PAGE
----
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Umbrella tree (also known as schefflera) is a species of large flowering plant that originates in the forests of Southeast Asia and Australia. Nowadays, it is commonly grown as a houseplant because of the stark coloration of its bark and roots, though the umbrella tree is not found in many gardens outside of Southern Asia. Perhaps adding to the tree's relative lack of popularity is its highly toxic nature, which can cause most animals (including both cats and humans) to become violently ill.
Once an owner notices the symptoms of poisoning, it is important that they keep a close eye on their cat. This will help them quickly identify problems as well as have useful information for the vet when they eventually seek medical help.
There are three main chemicals present in the umbrella tree that are responsible for the symptoms detailed above: insoluble oxalates, saponins and terpenoids. Insoluble oxalates are a solidified form of oxalic acid, taking the shape of tiny sharp crystals that dig into any tissues they come into contact with, causing large amounts of inflammation and discomfort. They are responsible for the irritation of the mouth and much of the vomiting and diarrhea. Saponins are a form of naturally occurring insecticide, which work by directly binding with and attacking cells and some neuro-transmitting enzymes. This worsens the vomiting, diarrhea, and irritation, as well as causing the problems with the dilation of the pupil. Terpenoids, meanwhile, are a class of general-purpose irritants that are produced by plants in order to make them unappealing to herbivorous animals.
In order to diagnose umbrella tree poisoning, the vet will first have to perform a physical examination of the animal. This will allow them to gauge the symptoms for themselves, and test the cat's vital signs and reactions. Due to the tell-tale nature of oxalate and saponin poisoning, the vet will sometimes be able to diagnose the problem via a physical exam alone. Blood tests and laboratory analysis of the stomach contents can also be used to determine what chemicals are present in the cat's body. They will, however, usually want additional information from the owner regarding the cat's medical history and living conditions. The will also ask about the circumstances surrounding the poisoning and emergence of the symptoms in order to gain a better understanding of the situation.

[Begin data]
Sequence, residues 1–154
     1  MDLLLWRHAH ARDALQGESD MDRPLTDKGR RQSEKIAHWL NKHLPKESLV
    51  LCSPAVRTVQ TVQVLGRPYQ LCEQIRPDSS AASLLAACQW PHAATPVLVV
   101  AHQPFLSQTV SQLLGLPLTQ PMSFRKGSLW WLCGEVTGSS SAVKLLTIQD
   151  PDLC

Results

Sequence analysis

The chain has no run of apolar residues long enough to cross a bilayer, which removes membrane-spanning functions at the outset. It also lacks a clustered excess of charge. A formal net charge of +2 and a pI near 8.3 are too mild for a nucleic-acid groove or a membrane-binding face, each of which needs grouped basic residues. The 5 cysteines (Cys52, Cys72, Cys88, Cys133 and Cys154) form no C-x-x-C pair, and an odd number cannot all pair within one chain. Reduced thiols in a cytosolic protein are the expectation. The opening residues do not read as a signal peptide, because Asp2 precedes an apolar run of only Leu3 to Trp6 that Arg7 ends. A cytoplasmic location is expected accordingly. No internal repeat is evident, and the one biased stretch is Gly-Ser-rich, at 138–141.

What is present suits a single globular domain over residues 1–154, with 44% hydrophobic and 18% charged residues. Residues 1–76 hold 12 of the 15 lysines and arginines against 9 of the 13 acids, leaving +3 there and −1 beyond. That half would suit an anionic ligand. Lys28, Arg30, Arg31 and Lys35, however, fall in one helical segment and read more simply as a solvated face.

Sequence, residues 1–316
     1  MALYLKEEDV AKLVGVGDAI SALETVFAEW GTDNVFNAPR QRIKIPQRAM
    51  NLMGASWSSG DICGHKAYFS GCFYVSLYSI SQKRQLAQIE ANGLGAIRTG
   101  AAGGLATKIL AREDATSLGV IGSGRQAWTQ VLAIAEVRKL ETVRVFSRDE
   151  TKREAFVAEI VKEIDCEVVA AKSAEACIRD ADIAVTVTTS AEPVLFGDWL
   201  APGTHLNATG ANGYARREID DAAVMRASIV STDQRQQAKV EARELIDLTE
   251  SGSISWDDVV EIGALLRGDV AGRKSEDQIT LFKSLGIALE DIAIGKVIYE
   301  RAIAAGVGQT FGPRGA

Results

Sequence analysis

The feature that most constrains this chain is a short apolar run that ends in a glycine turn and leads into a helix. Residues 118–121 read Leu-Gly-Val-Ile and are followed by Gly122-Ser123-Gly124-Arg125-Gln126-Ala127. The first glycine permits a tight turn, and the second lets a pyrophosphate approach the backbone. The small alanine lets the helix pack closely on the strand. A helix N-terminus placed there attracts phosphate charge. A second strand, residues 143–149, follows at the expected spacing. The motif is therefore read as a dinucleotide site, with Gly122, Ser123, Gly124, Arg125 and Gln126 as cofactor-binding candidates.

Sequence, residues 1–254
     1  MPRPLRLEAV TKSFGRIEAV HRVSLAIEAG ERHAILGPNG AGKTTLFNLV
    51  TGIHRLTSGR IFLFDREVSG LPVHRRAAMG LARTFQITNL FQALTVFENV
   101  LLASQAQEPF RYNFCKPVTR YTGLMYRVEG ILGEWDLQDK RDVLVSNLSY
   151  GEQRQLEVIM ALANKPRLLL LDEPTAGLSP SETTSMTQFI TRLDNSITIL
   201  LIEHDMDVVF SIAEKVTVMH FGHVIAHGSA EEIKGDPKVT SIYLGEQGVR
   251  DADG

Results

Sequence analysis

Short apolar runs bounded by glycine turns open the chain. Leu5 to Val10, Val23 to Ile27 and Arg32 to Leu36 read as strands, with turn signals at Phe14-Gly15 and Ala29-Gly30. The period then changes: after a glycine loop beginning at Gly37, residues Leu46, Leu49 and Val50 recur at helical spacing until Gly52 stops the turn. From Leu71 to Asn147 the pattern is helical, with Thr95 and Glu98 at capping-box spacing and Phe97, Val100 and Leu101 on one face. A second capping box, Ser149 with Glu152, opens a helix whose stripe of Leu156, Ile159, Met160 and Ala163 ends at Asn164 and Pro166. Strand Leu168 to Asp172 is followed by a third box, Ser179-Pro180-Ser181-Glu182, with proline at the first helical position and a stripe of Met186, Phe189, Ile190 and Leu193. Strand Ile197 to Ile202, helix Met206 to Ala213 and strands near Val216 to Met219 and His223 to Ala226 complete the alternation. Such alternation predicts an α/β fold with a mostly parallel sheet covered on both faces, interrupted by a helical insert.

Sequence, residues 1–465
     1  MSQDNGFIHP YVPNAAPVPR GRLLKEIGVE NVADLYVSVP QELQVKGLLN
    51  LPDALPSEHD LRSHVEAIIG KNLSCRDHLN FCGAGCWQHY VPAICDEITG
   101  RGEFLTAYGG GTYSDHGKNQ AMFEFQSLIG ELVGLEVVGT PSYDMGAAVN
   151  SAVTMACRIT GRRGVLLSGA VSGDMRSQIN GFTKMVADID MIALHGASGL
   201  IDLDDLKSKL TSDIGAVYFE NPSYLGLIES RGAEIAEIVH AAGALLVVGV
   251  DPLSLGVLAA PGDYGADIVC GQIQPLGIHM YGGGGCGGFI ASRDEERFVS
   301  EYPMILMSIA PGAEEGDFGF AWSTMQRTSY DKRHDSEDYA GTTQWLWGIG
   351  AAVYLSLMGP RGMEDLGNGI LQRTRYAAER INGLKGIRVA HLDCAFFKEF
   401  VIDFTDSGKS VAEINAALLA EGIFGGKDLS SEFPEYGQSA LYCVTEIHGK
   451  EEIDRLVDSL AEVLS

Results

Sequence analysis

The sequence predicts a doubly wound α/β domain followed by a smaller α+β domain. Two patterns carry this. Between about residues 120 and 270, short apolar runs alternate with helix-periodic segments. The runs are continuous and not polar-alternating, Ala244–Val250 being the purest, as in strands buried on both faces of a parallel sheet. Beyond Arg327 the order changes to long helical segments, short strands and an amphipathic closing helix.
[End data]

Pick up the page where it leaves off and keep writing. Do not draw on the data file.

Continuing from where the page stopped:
If the animal is dehydrated, the vet will usually start them on intravenous fluid therapy right away. This will both alleviate the symptoms of dehydration and help them to excrete some of the toxins by producing urine. The vet will also move to get rid of the toxins present in the stomach by inducing further vomiting (which can be done by giving the cat a small amount of hydrogen peroxide). After this, the cat can be fed yogurt to dislodge the oxalate crystals. This works because it is both easy to digest, and retains enough viscosity in the stomach and bowels to exert a 'pulling' force on the crystals.
Following treatment, the vet may opt to keep the cat in the clinic for overnight observation - this will allow them to make sure that there are no further complications caused by the combined effects of the three toxins present in the umbrella tree. Following this, the owners will be left to take care of them. The vet will normally recommend that the cat is kept indoors for several days in order to build up their strength and that the owner continues the yogurt diet in order to both rest the cat's digestive system and get rid of any lingering oxalate crystals. Due to the effect that saponins can have on the nervous system, it may be necessary to return to the clinic for a follow-up visit in order to ensure the cat is recovering fully.
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Two days ago I was stroking my cat and suddenly he screamed which isn’t like him, so I looked around and couldn’t find anything which look unusual... today I found a large lump that feels to move with the skin but is semeiotical to the other side but every time I touch it he meows and seems very uncomfortable! I believe it may be a gland but not sure.
Aug. 17, 2018
Without examining Nero or knowing exactly where the lump was found I cannot start to determine what the specific type of lump it may be; if it is causing Nero pain you should visit a Veterinarian before they close for the weekend. Enlarged glands, hernias, tumours, lipomas (fatty tumours) among other causes may cause lumps to form; your Veterinarian will be able to tell you more after an examination. Regards Dr Callum Turner DVM
Aug. 18, 2018
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